At The Heart of It

We’ve all seen it at an event, churchy or otherwise, the ‘giving buckets’ roll around and the pennies tumble in.

Although the act is the same, the people putting in their contributions, there is all sorts of different at the heart.

There are the overflowing/ joyful givers, whose gift comes with a heart supremely grateful to have something to give.

The brave givers, who give in defiance to cultural values that say life is about trusting wealth as the be-all and end-all.

There are the resentful givers, who give because they feel like they are under duress to give.

The imagey givers, whose gift is about what other people might think. The ones who give because they judge and feel judged.

There are the DNA givers, who like giving, who look to give, who don’t give it a second thought because it’s just what they do.

The cause givers, who give because they want to use their money/resources to change political and cultural landscapes.

And there’s more and probably as many categories for those who didn’t give – the secret givers, the tight, the poor, the gave it all away yesterday, the empty purse but willing heart…..

From the outside the actions are the same. Who’s to say which giver is which and who has the right reason for giving.


The point is we are limited by what we observe, but we judge by that standard. Wouldn’t it be so easy to watch the bucket go by and judge the non-giver and approve of the giver not knowing that the non-giver had withheld in order to give more to a cause the are passionate about and the giver gave purely for image and as little as possible.

If this is true for as small an act as pennies in a bucket then doesn’t it become more so for so many other situations?

We step onto a slippery slope when we start to take our perceptions as reality, and we live poorer and smaller when those perceptions derail our ability to live without judging others.

I’m trying to slow down when I see actions – good, bad or otherwise – and remind myself I am bringing my own perceptions to that situation. If we must judge (and really must we at all?) let us judge people by the best perception possible.

We will be richer for it.

We see but a slither, if an action is an iceberg it is only the tip and we cannot perceive what is driving that action forward without truly knowing the person. Sometimes we do not even understand our own actions properly.

In all this I am reminded of these enduring words,

A person looks at the outward appearance but God looks at the heart. (1 Sam 16v7)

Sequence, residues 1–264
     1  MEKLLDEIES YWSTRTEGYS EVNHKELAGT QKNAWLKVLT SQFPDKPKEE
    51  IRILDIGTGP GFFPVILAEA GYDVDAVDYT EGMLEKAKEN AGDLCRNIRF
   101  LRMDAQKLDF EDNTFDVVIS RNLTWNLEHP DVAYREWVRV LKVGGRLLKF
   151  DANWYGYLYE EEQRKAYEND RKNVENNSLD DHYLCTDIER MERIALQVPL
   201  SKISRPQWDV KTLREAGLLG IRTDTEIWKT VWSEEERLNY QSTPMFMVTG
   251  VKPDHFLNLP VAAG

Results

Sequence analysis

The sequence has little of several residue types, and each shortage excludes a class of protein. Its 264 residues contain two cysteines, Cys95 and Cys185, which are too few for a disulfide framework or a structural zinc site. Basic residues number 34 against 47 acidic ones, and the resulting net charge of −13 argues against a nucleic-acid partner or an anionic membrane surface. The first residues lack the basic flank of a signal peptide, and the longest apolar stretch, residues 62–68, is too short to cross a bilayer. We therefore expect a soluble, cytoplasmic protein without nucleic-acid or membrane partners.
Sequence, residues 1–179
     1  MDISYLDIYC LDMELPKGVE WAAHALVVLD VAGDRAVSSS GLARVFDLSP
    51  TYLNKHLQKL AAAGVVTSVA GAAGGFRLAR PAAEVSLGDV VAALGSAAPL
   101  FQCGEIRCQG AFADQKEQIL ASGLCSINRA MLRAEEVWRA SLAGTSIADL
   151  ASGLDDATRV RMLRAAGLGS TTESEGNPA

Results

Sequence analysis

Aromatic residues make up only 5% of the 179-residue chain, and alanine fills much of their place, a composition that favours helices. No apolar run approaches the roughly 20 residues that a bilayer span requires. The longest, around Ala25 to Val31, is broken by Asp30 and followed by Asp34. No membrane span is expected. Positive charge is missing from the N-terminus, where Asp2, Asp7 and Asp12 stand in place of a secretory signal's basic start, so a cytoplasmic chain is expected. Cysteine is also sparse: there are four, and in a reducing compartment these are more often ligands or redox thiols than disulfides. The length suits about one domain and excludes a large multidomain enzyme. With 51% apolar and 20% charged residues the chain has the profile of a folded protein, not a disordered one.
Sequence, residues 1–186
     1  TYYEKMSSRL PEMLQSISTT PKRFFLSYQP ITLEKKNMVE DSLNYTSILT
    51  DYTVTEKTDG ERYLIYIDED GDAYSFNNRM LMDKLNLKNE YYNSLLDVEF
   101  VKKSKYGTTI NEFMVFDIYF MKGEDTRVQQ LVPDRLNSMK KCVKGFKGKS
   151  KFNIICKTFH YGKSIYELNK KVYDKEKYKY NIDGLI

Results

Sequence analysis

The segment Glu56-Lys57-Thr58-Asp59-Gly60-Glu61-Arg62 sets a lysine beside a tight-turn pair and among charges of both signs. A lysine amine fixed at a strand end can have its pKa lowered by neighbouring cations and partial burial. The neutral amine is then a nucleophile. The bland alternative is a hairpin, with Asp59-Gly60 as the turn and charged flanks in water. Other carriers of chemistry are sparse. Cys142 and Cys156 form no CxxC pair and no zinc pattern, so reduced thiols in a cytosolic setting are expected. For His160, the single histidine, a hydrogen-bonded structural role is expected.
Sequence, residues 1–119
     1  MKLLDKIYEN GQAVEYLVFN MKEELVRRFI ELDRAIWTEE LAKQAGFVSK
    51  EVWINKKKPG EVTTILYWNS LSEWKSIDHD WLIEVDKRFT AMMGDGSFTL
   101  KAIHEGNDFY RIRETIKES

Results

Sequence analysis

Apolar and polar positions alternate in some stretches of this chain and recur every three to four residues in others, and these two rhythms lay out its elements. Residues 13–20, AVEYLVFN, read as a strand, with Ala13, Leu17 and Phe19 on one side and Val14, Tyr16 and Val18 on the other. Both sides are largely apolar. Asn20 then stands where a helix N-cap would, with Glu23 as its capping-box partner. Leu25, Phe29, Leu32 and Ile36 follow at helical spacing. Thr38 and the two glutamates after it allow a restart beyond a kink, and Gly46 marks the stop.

and, in light of this, I join with David in praying,

Search me, God, and know my heart;
    test me and know my anxious thoughts.

 See if there is any offensive way in me,
    and lead me in the way everlasting.

Psalm 139 v23-24

I am challenged and delighted by the words of Paul,

Cultivate your own relationship with God, but don’t impose it on others. You’re fortunate if your behaviour and your belief are coherent. But if you’re not sure, if you notice that you are acting in ways inconsistent with what you believe—some days trying to impose your opinions on others, other days just trying to please them—then you know that you’re out of line. If the way you live isn’t consistent with what you believe, then it’s wrong.

Romans 14v22-23

(the whole chapter is brilliant for this issue of judgement and perception).

May we all keep humble when we see, reminding ourselves we do not fully know the whys. May we live right and true in our own actions neither to impress others, or out of fear. May we be pure in our motives and small in our judgements. We will be richer in all ways if we can.

and…. may we all have generous hearts, and full wallets when it comes to the causes that make our hearts beat fast xxx


One thought on “At The Heart of It

  1. Hi Miriam,
    Only today I read the wonderful verse of scripture in Hebrews 4:12 Fro the work of God is alive and active. Sharper than any two edged sword, it penetrates even to dividing soul and spirt, joints and marrow: it judges the thought and attitudes of the heart.


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